Updated: Feb. 10, 2020
This study explores the characteristics of the teacher evaluation model in Finland. Highlighting the unique qualities of the Finnish case, the authors also compare these teacher evaluation practices with the increasingly applied value-added model (VAM) for teacher evaluation across the globe. Their analysis revealed that the Finnish Model prioritises teacher empowerment and professional development by carrying out bottom-up evaluation practices. With a clear focus on teacher empowerment and professional development, this framework substantially differs from accountability measures such as VAM, which emphasize rigid data collection procedures and the use of standardized test scores to hold teachers accountable based on their students’ academic performance. This study also revealed that professional development endeavours of teachers are highlighted as the key elements in Finnish teacher evaluation.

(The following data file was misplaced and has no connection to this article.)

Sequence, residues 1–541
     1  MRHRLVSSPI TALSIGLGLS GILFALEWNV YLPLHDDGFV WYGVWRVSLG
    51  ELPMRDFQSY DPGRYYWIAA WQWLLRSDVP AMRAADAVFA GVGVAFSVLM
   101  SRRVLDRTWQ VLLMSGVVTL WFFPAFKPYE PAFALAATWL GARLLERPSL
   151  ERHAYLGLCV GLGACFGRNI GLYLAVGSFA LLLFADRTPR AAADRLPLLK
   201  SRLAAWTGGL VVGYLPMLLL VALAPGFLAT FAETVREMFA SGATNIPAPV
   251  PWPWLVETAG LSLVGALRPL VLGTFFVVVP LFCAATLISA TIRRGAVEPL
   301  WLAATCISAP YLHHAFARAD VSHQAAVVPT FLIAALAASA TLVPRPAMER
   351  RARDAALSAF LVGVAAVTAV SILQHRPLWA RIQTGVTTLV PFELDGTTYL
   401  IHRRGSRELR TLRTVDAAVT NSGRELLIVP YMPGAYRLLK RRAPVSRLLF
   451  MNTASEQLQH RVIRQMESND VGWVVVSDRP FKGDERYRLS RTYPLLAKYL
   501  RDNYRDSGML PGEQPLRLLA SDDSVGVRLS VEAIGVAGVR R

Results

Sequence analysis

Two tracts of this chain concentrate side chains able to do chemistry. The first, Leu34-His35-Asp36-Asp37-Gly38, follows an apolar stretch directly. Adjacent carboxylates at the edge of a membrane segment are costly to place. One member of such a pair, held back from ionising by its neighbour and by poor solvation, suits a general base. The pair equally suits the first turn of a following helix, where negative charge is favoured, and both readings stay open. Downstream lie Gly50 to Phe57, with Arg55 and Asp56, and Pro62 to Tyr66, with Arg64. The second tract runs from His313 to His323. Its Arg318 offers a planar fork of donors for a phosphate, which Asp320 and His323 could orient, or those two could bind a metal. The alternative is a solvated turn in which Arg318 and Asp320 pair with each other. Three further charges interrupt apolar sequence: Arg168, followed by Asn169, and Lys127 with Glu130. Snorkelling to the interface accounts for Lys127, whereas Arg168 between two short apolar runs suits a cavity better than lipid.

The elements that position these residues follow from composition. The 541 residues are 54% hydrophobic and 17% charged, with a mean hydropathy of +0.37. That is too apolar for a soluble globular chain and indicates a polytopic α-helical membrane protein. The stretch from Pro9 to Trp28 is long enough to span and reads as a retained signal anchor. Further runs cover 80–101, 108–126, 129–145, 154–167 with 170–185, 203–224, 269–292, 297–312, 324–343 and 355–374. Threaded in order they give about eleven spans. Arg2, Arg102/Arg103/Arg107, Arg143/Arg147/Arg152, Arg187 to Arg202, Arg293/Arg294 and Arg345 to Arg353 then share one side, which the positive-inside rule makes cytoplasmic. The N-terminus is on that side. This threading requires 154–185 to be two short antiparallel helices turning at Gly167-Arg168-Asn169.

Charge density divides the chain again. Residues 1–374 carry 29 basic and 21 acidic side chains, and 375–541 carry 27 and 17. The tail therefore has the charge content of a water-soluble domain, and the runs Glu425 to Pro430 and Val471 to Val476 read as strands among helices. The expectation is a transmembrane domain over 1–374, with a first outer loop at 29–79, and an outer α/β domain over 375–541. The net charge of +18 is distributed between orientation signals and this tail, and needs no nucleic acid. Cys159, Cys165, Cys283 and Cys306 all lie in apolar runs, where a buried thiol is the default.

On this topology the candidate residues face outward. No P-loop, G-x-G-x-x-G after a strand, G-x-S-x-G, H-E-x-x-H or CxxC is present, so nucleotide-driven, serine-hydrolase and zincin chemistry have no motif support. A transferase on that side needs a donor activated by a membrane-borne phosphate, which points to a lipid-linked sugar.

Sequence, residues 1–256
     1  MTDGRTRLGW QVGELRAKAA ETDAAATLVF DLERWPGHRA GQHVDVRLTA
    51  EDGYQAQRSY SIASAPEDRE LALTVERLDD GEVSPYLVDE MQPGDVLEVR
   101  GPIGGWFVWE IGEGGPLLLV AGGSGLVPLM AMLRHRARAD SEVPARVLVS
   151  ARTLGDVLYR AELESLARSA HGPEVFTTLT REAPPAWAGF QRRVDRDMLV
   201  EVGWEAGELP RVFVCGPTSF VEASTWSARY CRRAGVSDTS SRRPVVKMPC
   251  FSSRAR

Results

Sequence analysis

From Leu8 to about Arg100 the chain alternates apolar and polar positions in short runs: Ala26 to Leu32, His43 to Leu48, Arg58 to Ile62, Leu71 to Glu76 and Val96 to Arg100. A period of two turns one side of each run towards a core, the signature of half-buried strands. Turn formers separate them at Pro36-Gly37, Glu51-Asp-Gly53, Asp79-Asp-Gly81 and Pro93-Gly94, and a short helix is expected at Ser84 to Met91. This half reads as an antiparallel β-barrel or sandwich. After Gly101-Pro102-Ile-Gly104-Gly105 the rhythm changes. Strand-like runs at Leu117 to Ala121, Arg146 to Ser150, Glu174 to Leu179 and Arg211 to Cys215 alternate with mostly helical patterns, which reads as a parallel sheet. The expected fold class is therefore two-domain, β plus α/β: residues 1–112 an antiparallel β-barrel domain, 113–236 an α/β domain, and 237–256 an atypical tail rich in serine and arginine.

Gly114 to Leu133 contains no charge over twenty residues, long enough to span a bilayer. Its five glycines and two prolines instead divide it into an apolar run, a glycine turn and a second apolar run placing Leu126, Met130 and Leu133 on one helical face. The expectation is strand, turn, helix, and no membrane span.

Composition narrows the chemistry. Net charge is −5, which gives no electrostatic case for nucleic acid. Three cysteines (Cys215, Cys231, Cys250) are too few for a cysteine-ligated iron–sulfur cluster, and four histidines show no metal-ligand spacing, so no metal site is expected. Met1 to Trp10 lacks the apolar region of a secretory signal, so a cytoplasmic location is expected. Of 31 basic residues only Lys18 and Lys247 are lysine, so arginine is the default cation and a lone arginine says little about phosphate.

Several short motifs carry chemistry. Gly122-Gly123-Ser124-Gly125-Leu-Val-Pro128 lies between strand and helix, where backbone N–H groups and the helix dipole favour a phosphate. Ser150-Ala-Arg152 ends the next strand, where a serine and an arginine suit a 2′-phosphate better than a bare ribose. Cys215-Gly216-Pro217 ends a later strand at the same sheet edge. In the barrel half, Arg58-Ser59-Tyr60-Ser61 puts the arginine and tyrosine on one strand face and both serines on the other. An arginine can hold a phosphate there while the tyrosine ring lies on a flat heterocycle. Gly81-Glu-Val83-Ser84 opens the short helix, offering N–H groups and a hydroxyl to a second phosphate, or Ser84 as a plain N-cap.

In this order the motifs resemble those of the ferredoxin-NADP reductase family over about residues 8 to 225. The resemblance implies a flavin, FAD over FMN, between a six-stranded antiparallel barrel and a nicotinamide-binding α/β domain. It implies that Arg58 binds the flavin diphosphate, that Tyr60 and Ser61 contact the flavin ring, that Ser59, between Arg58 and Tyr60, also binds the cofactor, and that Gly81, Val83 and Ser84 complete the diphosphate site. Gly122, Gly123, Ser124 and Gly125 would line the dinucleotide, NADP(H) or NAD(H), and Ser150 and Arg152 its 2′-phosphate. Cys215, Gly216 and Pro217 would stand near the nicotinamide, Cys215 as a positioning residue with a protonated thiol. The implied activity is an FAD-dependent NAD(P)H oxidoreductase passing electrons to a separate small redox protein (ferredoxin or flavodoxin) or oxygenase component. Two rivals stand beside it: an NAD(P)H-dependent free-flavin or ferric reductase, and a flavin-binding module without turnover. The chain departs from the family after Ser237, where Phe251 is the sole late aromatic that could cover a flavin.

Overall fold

Updated: Nov. 17, 2019
A comparison of student teacher learning from practice in university-affiliated schools in Helsinki and Johannesburg
In a comparative study of student teachers in Finland and South Africa, the researchers aimed to capture students’ views of how and what they had learned from practice in two university-affiliated primary schools. With data from survey questionnaires, the authors found that students in the two customized programmes accentuated different domains of teacher knowledge. The newly established teaching practice school in Johannesburg afforded closer integration of university and school practicum experiences for students than the well-established school in Helsinki. The authors conclude that an innovative teacher education model can be re-invented in a significantly different context and also add new dimensions to the original.
Updated: Sep. 12, 2019